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Home : News : State Partnership Program
NEWS | Jan. 22, 2024

New Hampshire Guard, Partner Cabo Verde Facilitate Book Exchange

By Master Sgt. Charles Johnston, Joint Force Headquarters - New Hampshire National Guard

BOW, N.H. - New Hampshire National Guard members collected 33 boxes of donated books from Bow High School Jan. 17 to deliver as early as next month to Pedro Gomes High School in Cabo Verde.

“They wanted to expand their English library,” said Bow social studies teacher Derek DeAngelis. “Everything from encyclopedias to Stephen King is in there.”

The West African island nation became the NHNG’s second State Partnership Program partner two years ago, joining El Salvador, a model partner in the Department of Defense National Guard Bureau program since 2000.

Through the state partnership, Bow has made similar contributions to a school in San Jose Villanueva, El Salvador. In 2010, they hosted a teacher exchange.

“Bow has been a fantastic partner over the years by networking with schools in both El Salvador and Cabo Verde,” said Maj. Mario Rey, NHNG’s State Partnership Program director.

The budding exchange program has the full support of Marcy Kelley, Bow’s superintendent. She was on hand as teachers, students and Soldiers packed books into a cargo van.

“I think it’s a pretty amazing opportunity to have this connection with people so far across the world and to share what we’re doing, to share our resources where we can and make our kids feel like they’re involved,” Kelley said.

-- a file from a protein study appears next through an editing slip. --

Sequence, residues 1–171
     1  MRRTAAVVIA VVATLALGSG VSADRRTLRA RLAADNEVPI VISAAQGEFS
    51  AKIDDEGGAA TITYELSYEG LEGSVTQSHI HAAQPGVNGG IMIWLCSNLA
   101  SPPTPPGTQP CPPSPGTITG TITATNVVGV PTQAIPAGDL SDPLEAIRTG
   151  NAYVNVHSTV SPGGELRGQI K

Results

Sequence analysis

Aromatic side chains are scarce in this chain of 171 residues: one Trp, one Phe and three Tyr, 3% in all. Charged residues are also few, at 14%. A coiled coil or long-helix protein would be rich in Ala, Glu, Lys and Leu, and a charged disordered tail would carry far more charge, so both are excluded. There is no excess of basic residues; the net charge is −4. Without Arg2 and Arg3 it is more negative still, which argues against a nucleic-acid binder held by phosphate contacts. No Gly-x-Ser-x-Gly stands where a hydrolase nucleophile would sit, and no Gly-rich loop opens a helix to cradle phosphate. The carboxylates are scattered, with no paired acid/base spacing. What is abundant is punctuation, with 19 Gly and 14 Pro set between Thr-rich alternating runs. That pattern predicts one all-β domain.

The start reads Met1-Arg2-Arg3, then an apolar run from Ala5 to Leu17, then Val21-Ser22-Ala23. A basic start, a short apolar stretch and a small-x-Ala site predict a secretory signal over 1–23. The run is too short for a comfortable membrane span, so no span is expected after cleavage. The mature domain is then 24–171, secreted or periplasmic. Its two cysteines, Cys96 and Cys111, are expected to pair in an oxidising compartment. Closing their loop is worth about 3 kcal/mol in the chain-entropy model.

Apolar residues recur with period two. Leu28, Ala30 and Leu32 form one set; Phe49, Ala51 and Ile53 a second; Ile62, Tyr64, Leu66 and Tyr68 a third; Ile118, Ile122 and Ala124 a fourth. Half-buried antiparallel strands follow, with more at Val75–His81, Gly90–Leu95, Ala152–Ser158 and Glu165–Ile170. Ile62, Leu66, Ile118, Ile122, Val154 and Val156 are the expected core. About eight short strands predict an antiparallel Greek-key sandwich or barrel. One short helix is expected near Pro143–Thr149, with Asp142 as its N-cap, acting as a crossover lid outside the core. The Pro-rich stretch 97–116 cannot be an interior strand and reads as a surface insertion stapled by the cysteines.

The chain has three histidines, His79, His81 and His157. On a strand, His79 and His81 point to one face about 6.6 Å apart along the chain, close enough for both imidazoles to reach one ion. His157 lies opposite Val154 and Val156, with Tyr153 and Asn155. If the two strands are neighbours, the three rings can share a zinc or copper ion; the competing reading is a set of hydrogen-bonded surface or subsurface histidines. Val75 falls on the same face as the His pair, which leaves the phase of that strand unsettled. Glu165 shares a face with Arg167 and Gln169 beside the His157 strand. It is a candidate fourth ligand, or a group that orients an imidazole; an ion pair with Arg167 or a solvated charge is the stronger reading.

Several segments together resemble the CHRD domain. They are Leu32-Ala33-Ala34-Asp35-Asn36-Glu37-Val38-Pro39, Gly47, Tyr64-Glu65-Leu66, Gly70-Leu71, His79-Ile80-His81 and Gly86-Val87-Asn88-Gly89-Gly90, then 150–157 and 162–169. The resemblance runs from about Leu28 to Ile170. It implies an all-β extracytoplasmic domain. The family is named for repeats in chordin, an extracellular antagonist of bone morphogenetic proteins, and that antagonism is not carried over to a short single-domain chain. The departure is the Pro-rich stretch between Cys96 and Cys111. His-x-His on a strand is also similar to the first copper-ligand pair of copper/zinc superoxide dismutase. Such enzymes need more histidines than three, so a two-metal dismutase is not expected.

Rey also oversees donations earmarked for public safety, military and medical personnel in both partner nations. In the past year, the NHNG has facilitated the shipment of personal protective equipment, firefighter clothing and body armor.

“Whether it’s military-to-military or civilian-to-civilian opportunities, we’re constantly exploring ways to collaborate and grow together,” Rey said.

Although collaboration between Bow and Cabo Verde has been limited to videoconferences and written letters, educators are hopeful for future in-person visits.

“We want to have an educational exchange, and one of the best ways for students to learn is to travel,” DeAngelis said. “It’s one of the biggest ways to open your mind.”

Until then, Bow teachers and students are grateful for the growing bond with their new sister school, a seven-hour flight across the Atlantic.

“We could never do this without the assistance of the Guard,” DeAngelis said.